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by George de Stefano

14 Mar 2011


“Shake for Me” is a rocking blues that packed dance floors—on Chicago’s South Side and elsewhere—when Chess released it as a single in 1961. “The Red Rooster”, with its slower tempo and down home lyrics, takes the listener back to the origins of Howlin’ Wolf’s music, the Mississippi Delta. “I have a little red rooster, too lazy to crow for day”, Wolf announces. He repeats the line, and then informs us that the titular fowl “keeps everything in the barnyard upset in every way”.

“The Red Rooster”–also known as “Little Red Rooster”—has attained classic status in the blues repertoire. The song is credited to Willie Dixon, but the rooster—a symbol of male sexual potency—strutted his stuff in the blues long before Dixon and Wolf recorded it, in 1961. Charlie Patton, Howlin’ Wolf’s mentor and running buddy in the 1920s, released his “Banty Rooster Blues” in 1929. Memphis Minnie’s 1936 “If You See My Rooster” also seems a likely model for Dixon, her lyric “If you see my rooster, please run him on back home” nearly identical to Dixon’s “If you see my little red rooster, please drive him home”.

And why does the red rooster need to get back home? Well, “there ain’t no peace in the barnyard” since he’s been gone. Puzzling, no? How can this rooster, who’s too lazy to crow, keep the barnyard upset and be its peacekeeper, too? “Watch out strange kin people”, Wolf warns, “the little red rooster’s on the prowl”. Who are these strange kinfolk, and why should they be wary of this prowling yard bird? Good question. All I can say is that the elusive (and allusive) quality of the lyrics is a big part of the song’s fascination.

by Jason Mendelsohn and Eric Klinger

11 Mar 2011


Mendelsohn: The Doors’ self-titled debut is one of those albums where I understand why it’s in the Top 25—they surfaced in the hey-day of rock, they had a different approach to the music and they had a charismatic singer whose legacy overshadowed the music—but I wouldn’t have been surprised/upset if it ranked in around the mid-50s or even out of the Top 100. I don’t want to use the word ‘overrated’ by itself so how about the compound adjective ‘slightly overrated’?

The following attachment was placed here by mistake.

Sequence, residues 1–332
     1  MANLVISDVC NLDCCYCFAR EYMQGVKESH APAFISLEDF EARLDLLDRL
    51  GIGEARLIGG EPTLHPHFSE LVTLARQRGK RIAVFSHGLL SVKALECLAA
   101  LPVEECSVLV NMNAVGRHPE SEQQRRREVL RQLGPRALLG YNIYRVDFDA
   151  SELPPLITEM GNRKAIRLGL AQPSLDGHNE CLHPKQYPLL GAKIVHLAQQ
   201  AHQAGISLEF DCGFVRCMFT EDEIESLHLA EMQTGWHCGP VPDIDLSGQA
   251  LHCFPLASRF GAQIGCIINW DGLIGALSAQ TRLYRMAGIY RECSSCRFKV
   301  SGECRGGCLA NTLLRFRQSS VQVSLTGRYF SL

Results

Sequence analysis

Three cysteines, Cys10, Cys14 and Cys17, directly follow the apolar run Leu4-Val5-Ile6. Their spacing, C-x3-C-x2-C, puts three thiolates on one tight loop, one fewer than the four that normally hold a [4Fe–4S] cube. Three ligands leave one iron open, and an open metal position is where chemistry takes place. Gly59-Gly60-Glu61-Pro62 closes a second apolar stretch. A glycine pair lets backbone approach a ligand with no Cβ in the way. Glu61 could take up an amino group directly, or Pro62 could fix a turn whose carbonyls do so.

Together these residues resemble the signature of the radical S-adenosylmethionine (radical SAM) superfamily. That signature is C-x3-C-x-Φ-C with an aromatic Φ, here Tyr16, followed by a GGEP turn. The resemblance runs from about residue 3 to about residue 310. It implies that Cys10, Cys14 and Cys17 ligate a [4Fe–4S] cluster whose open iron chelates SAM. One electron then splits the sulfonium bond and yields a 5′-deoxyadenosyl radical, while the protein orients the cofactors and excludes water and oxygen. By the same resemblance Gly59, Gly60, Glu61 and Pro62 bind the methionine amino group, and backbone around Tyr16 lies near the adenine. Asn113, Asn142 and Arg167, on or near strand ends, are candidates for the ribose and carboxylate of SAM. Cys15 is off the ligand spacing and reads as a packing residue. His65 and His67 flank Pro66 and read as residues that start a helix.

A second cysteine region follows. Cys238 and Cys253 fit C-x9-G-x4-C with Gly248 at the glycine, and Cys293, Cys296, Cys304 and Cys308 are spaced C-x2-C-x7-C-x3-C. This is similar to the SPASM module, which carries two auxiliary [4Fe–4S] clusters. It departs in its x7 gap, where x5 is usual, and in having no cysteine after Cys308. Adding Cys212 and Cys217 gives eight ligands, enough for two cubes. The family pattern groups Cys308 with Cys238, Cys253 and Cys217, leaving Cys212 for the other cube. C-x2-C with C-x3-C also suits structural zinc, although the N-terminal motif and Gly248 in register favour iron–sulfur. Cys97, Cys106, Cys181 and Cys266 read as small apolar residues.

Klinger: Ah, Mendelsohn, ours is not to question the level of rated-ness. The Acclaimed Music site has mathematically determined the place of The Doors in the canon, and somehow the album has consistently maintained some degree of cachet. But I see what you’re saying as far as the Doors as a group are concerned. It seems that their stock has fluctuated wildly in the forty years since Jim Morrison lit out for rock & roll heaven. And that’s not altogether surprising to me.

Ever since I went through my brief but obligatory teenage-boy Doors phase, I’ve vacillated between thinking that the group was a solid L.A. rock combo and a pitiful laughingstock whose sound was one step above a lounge act. “The End” has, to my ears, sounded both chilling and absurd. And we’ve already established what we think about Jimbo’s skills as a poet.

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by Josh Antonuccio

10 Mar 2011


In his book Orthodoxy, author G.K. Chesterton explains the inevitable travails of “The Maniac”. He describes the problem of the madman that believes the whole world is involved in conspiracy against him, and that in order to live in that world, an individual has to shrink their perceptions down to an ever-tightening pattern of logical reasoning that eventually they cannot break out of. Thus we are left with a spiraling prison of logic, whereby we are left trapped, unable to escape.